“Accordingly, we calculate that the long-term break-even oil price for gasoline to remain competitive as a source of mobility is US$9 to US$10 per barrel, and for diesel, US$17 to US$19 per barrel.”
Lewis says there are many obstacles to renewable energy taking the lead and not all are due to economics. “If the world were as efficient and rational as the economics textbooks would have us believe, we would be living in a very different world. So, a lot of what happens has to do with political decisions and relationships — in particular, between vested interests and prevailing political powers.”
With the proliferation of wind and solar power in Europe in the last 10 years, its utility sector, for example, has witnessed the wiping out of hundreds of billions of euros, or nearly 50%, from its market capitalisation.
“In Europe, the utility industry has traditionally been viewed as one of the safest investments you could make, after government bonds, as utilities are meant to be almost risk-free. Instead, if you had invested in European utilities 10 years ago, today you would have lost your shirt.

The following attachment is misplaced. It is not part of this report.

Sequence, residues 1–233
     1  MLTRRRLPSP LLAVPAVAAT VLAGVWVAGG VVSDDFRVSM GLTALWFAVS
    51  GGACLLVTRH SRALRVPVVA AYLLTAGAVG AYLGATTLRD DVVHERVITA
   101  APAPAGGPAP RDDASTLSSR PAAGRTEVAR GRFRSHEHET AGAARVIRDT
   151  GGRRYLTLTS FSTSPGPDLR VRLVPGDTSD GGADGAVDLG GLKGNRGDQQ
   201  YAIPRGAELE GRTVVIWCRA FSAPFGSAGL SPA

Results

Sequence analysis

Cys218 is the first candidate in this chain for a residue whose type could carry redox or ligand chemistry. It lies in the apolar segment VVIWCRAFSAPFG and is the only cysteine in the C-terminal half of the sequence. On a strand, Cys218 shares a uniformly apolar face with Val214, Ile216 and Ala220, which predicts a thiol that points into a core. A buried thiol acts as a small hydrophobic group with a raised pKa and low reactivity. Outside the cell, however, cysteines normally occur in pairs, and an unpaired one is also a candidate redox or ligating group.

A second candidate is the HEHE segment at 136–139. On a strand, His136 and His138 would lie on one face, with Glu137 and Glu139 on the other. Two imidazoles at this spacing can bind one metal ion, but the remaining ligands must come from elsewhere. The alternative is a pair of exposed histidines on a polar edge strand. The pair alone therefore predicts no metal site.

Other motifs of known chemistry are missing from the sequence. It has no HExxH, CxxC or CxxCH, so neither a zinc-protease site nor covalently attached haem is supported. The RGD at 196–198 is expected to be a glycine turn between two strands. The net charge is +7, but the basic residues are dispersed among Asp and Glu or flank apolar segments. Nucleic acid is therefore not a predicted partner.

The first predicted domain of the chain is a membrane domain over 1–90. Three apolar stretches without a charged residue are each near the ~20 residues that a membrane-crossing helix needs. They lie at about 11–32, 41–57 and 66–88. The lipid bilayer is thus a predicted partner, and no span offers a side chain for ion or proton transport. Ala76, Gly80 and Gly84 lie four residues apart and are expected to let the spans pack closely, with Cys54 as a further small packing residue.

“We are talking about a fundamental revision of all the preconceptions that we have had about the way the world works, on what is safe and what is risky,” says Lewis.
“If a utility stock has become as risky as it has, you have to acknowledge that this is something that would lead you to completely revise your view of the way the world works.”
Changes not happening fast enough
It has taken too long for mainstream, especially institutional, investors to recognise how badly climate change could affect the planet and ultimately their investments because energy lobbyists have prevented governments from introducing policies that would take a toll on their business.